Mullaney re-opens library running-sore
Let the people decide is the clarion call coming from Liberal Democrat city councillor Martin Mullaney, who has launched a campaign to save Birmingham's Central Library from demolition.
He wants the reference section to be turned into a Tate Modern art gallery and a new library to be built on land occupied by the Conservatoire.
His vision, if it were ever realised, would kill stone dead the council's grand plan for a new ÃÂ£193 million library in Centenary Square - a project which Mullaney dismisses as poorly costed and "shoehorned" into an unsuitable site. It would also put paid to proposals to flatten most of the buildings in Paradise Circus and replace them with what Mullaney calls "soulless office blocks".
There is just one problem with this. A decision has already been made, not by the people but by the cabinet.
It is true that a slight hiccup has occurred in the shape of English Heritage, who are recommending that the Central Library should be listed as a building of architectural merit. But few believe the Government will take that suggestion very seriously.
Mullaney has set a hare running that has nowhere to go other than into the pantheon of urban myths in Birmingham. Enthusiasts for John Madin's 1973 brutalist Central Library will for ever accuse the council of failing to adopt the "visionary" Tate Modern plan, but the truth is that nothing really exists other than a few back-of-the-envelope jottings published on a website by Mullaney after he first thought of the idea sometime last Sunday.
The fact that his idea has taken off in the blogosphere simply underlines the plight of Central Library supporters who are now grasping at straws in their desperation to save the building so memorably described as an incinerator by Prince Charles.
One can only begin to imagine the fury of Tory council leader Mike Whitby, who has championed the Centenary Square library plan which he regards as one of the city's most important regeneration projects. Whitby, presumably, is under the impression that the Lib Dem half of the ruling council coalition agrees with him.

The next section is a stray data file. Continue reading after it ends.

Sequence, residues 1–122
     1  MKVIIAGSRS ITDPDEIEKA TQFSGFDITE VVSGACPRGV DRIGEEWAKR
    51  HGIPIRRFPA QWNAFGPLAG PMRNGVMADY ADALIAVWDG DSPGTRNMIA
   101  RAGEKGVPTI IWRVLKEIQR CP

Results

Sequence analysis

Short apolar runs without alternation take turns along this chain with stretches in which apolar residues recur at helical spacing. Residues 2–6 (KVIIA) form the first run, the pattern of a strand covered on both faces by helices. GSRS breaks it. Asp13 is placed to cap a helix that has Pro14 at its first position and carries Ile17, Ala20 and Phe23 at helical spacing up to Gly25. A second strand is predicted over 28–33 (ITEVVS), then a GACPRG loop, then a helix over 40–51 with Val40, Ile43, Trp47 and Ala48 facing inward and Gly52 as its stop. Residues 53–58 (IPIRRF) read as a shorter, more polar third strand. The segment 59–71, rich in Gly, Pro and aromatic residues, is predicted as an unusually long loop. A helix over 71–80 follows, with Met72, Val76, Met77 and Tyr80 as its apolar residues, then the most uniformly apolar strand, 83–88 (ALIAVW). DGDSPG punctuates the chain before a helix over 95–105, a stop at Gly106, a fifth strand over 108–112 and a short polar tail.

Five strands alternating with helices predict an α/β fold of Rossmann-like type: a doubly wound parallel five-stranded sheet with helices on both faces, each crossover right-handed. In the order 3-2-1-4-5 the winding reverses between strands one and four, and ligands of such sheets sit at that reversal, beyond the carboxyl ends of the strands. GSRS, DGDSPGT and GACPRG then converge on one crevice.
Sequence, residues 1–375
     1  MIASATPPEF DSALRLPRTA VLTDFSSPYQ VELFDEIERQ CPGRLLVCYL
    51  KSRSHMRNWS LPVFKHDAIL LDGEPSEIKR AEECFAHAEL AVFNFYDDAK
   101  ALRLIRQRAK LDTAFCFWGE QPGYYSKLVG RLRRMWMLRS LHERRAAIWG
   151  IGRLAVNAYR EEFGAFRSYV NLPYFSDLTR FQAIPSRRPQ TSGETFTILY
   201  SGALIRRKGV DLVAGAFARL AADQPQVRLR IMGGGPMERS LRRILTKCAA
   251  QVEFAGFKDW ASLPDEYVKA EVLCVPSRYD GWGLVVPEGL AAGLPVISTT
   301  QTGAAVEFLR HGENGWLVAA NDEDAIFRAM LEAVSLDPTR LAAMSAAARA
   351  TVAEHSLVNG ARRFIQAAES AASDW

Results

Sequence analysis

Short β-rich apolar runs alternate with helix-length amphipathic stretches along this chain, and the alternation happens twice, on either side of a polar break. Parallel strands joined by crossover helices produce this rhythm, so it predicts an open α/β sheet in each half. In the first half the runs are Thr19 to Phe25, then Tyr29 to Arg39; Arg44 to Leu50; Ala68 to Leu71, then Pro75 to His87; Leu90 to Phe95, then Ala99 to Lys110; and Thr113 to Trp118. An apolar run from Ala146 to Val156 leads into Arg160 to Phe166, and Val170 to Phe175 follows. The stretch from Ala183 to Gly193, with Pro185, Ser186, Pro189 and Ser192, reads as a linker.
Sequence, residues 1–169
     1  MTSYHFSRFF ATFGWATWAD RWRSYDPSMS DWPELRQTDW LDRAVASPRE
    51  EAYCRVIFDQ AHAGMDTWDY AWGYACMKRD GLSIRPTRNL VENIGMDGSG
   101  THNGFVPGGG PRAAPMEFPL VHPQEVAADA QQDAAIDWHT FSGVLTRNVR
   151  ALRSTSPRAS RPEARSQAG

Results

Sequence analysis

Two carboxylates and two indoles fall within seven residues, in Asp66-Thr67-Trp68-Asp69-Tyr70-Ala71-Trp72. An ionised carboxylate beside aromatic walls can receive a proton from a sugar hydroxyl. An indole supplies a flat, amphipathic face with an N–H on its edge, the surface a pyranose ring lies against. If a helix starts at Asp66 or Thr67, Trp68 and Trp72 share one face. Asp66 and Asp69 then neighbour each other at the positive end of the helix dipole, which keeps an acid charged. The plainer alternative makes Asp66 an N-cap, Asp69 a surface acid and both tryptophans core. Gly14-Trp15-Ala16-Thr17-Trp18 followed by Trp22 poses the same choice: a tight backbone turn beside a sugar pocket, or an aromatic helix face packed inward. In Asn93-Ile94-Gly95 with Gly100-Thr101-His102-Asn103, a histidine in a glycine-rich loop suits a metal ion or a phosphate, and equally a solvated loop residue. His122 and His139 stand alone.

Certainly, Lib Dem deputy council leader Paul Tilsley has said nothing publicly to indicate anything other than unequivocal backing for both construction of the Centenary Square library and demolition of the Central Library.
But Mullaney is a strong-minded maverick who cares little for collective responsibility, even though he is chairman of the transportation scrutiny committee and as such part of the payroll vote and a member of what might be termed the Government of Birmingham.
What will be worrying Whitby about this episode is the fact that Mullaney is voicing publicly the fears that a few Lib Dem councillors, and some Tories, have expressed privately about the future of the library and Paradise Circus. Discontent has been festering away ever since the cabinet released details of the Centenary Square Library business plan, the details of which were ripped to pieces by a scrutiny review group.
The group held several meetings and was sharply critical of what it saw as a poorly thought through plan on an unsuitable site.
Oddly enough, the review group has no plans to publish a report putting together its findings.
Here's how Mullaney puts it: "I have always been up-front and honest. I don't agree that the Central Library should be demolished and I think you will find there are a lot of councillors, both Liberal Democrats and Conservatives, who agree with me.
"The figures for the Centenary Square library don't stack up and we would be shoehorning it into a tight site with no room for expansion."
The council was letting it be known last night that it regards Mullaney's proposal as an unnecessary distraction.
A decision has already been taken about where the new library should be built and that is that, apparently.